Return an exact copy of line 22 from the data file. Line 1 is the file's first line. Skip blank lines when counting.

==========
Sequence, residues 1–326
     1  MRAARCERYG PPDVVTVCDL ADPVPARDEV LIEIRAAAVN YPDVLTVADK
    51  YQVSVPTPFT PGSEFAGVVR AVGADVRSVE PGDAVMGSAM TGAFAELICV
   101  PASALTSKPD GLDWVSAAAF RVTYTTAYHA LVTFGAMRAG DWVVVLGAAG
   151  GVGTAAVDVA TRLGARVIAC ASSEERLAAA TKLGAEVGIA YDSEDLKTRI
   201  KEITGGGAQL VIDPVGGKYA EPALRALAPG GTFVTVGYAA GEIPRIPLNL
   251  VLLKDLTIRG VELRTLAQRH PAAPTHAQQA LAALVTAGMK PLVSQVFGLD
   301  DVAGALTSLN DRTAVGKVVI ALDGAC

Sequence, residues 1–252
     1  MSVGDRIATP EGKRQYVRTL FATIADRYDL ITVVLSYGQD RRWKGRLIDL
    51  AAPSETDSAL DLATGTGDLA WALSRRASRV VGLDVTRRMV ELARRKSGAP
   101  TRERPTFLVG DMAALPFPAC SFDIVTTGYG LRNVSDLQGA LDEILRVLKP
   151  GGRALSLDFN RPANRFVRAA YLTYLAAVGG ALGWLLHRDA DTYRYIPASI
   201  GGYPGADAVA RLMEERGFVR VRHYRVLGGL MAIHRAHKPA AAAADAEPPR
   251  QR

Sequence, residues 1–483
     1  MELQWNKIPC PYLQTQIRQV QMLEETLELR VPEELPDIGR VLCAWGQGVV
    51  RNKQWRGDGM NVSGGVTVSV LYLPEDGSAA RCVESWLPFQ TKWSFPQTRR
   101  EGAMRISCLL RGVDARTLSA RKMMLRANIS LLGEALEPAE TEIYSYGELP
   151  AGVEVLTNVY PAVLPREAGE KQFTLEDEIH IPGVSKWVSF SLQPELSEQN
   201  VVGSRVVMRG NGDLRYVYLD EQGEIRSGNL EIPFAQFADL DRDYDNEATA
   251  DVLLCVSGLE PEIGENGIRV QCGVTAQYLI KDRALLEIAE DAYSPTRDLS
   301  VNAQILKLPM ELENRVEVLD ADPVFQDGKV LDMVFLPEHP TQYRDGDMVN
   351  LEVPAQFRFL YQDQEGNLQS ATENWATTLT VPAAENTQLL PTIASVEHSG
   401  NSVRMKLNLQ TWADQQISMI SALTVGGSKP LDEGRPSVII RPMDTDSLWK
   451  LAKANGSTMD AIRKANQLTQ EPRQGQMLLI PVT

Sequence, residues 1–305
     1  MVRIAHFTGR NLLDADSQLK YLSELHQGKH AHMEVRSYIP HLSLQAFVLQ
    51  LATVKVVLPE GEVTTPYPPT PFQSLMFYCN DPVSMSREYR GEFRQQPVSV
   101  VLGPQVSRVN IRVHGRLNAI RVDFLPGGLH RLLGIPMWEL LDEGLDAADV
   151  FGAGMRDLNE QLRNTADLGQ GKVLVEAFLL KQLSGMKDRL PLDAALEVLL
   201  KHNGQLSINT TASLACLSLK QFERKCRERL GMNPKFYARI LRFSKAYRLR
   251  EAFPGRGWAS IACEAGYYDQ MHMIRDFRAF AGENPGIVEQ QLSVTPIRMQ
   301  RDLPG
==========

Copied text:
   251  DVLLCVSGLE PEIGENGIRV QCGVTAQYLI KDRALLEIAE DAYSPTRDLS